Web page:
The scene goes like this. Legoshi’s narration rushes through an explanation of what happened to Riz and Louis as well as the bit about his criminal record. Then Legoshi (who seems to be having a nice sunset date with Haru) suddenly announces that he’s going to leave school and live as an outcast. Haru is rightfully irritated. She hasn’t been given any reason for this sudden change. Judging by her confusion over Legoshi’s new scars, she doesn’t even know about the fight with Riz. So Haru stands up, starts walking away, and says in a half-ironic voice, “Maybe I’ll get a boyfriend.” Then Legoshi gives a strong reaction of panicked displeasure, and Haru keeps fussing. The scene fades to black.

What the hell? That has to be one of the worst endings of all this year’s anime. You can’t throw so much new information at viewers in the last three minutes of an episode. That’s the first major problem. The second issue is that fans have no idea what to make of the relationship status of Legoshi and Haru. Was that a breakup? Was Haru joking? Why won’t Legoshi tell her anything important? Considering that this romance is a major part of Beastars (or at least it was in the first season), the way it was left hanging was terrible for the show. If there is no third season, then this ending is even worse. I really did love Beastars season 2, but the conclusion was a serious flaw in writing and execution.

Beastars Season 2 Mini-Review

As promised, here is the mini-review section briefly covering the way I scored this anime. There are also a few things in this section I forgot to mention during my rambling. the visuals category is the longest because I haven’t said anything about it until this point.

Visuals: 7/10 (Good)

The visuals haven’t really changed from how they were in season one. That’s fine since Beastars is a rare example of an anime that uses lots of 3DCG and still looks pretty damn good. The lighting is always great, suiting the mood of each scene. There are a lot of interesting-looking effects used outside the usual style of the anime. For example, when Louis is being forced to eat meat for the first time, the whole atmosphere is dark with ominous blue, red, and purple wisps of smoke/vapor. This shows the strong sensory disgust the deer is experiencing. There are also humorous, “anime-ish” effects, like when hearts or sparkles appear around Juno in her girly moments. Other strong visual elements of this show include sincere face expressions, a few exciting and well-choreographed fight scenes, and the character designs in general. This season’s new addition, Pina the sheep, has a handsome appearance indeed.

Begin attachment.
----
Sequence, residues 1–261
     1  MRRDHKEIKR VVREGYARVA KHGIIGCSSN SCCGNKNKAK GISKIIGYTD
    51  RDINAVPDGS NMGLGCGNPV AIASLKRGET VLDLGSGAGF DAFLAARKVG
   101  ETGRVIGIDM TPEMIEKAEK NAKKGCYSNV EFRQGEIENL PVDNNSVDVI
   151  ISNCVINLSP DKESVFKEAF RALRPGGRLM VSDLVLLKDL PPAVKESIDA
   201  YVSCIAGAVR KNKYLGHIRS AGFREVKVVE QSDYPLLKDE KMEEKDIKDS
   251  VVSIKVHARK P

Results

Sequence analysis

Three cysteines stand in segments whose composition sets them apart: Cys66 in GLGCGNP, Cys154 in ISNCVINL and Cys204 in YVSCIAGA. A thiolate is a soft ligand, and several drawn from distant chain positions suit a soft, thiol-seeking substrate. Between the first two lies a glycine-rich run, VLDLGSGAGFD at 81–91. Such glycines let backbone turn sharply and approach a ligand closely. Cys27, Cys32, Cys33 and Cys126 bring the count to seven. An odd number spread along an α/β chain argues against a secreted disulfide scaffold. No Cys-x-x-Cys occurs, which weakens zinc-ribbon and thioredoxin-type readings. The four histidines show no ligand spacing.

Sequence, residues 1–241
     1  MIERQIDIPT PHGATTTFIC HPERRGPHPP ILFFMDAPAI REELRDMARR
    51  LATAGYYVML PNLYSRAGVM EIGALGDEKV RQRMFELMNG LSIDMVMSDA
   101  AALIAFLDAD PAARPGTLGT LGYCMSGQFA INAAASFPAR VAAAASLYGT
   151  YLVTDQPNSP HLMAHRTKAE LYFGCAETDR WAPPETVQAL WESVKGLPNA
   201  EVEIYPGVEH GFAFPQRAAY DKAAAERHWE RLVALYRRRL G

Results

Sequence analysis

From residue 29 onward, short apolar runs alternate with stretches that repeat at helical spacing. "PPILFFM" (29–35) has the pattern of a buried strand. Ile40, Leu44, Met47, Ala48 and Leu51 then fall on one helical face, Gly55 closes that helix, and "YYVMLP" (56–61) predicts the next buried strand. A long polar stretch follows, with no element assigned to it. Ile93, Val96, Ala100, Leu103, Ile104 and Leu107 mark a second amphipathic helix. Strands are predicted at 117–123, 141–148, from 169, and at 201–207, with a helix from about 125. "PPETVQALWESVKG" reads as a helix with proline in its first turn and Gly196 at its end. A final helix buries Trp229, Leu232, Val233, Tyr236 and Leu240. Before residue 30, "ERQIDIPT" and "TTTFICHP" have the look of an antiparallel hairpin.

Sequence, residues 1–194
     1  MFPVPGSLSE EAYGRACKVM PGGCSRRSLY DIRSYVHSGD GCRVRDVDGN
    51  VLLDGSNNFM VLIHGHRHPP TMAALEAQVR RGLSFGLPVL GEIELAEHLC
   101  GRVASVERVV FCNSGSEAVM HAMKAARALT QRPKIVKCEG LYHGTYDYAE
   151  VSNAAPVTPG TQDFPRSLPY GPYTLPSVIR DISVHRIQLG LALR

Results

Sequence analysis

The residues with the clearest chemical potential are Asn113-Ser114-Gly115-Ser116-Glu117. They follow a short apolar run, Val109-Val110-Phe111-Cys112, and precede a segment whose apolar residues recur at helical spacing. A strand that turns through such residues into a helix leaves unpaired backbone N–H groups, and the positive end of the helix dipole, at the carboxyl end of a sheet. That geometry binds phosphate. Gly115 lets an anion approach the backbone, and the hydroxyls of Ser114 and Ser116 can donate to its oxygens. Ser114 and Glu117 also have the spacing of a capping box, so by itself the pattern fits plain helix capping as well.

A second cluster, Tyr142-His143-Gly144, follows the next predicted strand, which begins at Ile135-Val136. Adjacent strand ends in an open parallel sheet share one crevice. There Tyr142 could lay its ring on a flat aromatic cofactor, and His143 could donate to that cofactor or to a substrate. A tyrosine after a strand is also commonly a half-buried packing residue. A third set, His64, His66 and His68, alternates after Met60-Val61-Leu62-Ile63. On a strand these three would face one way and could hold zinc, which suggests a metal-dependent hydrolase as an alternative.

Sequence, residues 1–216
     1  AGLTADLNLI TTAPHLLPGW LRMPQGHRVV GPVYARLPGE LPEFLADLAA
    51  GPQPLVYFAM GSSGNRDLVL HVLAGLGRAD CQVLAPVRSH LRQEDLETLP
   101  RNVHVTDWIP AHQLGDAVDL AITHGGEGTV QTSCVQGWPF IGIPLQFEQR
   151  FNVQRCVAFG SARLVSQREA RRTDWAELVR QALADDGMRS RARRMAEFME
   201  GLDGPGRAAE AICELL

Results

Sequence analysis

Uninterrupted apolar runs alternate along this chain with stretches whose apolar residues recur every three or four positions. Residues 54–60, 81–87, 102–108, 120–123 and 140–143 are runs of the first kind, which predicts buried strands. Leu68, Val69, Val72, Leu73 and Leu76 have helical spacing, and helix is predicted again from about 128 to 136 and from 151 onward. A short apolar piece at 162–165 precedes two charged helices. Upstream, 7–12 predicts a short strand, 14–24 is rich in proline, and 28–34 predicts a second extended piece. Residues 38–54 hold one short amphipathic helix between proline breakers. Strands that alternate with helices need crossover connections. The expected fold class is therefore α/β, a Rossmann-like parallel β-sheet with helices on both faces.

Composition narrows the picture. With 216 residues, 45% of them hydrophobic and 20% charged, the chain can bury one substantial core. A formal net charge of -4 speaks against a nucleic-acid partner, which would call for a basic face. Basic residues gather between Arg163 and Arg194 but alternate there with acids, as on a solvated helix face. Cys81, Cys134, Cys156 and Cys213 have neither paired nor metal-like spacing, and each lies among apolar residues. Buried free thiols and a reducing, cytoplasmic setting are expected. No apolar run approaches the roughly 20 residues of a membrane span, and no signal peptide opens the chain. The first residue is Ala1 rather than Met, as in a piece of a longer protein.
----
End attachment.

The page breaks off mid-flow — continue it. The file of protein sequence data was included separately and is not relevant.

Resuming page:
Story: 8/10 (Excellent)

The story category looks at things like plot quality, pacing, writing, important themes, humor, and delivery of emotional content. Beastars season 2 was great all around. If it had a bit stronger structuring and a better ending, I would have probably given the story category 9/10. Still, this is a commendable score.

Audio: 8/10 (Excellent)

I haven’t seen the English Dub, but I know and love the Japanese seiyuu cast of Beastars, and they did great again this season. Legoshi’s VA, Chikahiro Kobayashi, is a new favorite of mine. Pina is played by Yuki Kaji, who famously voices Eren in Attack on Titan along with other big roles. The music throughout the anime is good, and I absolutely love the intro and outro songs. Both of them (Opening “Kaibutsu” and ending “Yasashi Suisei”) are performed by Yoasobi.

Characters: 9/10 (Magnificent)

Most of this post has been about characters, so you should already know that this category is almost perfect in my view. The characters are so well-written and interesting. Their development continues to impress me. I realize now that I didn’t mention Pina or Juno anywhere in the main section of this post, so here’s a shoutout to them. Pina is obnoxious to be sure, but he has some likeable qualities that show through when truly needed. Juno is well on her way to becoming the next Beastar. During this season, she recovered from the disappointment of being rejected by Legoshi. It was interesting to see her go out of her way to find Louis and try to bring him back.

Enjoyment: 8/10 (Excellent)

My feelings watching Beastars season 2 were overwhelmingly positive. Sure, there were a few things that annoyed me. However, there’s so much more than that to enjoy. Beastars is primarily character-driven, so what I enjoyed most was the character development. The music, voice-acting, and visuals were all great, too.

Overall Score (Average of the Categories): 8/10 Excellent

As you can see, Beastars second season came out with quite a good score. I highly recommend getting into this anime and exploring the characters and the unique world in which it is set. If you already saw season one and were wavering about watching more, then go for it. Trust me– it’s pretty good! That’s all for today so thanks so much for reading. Take care!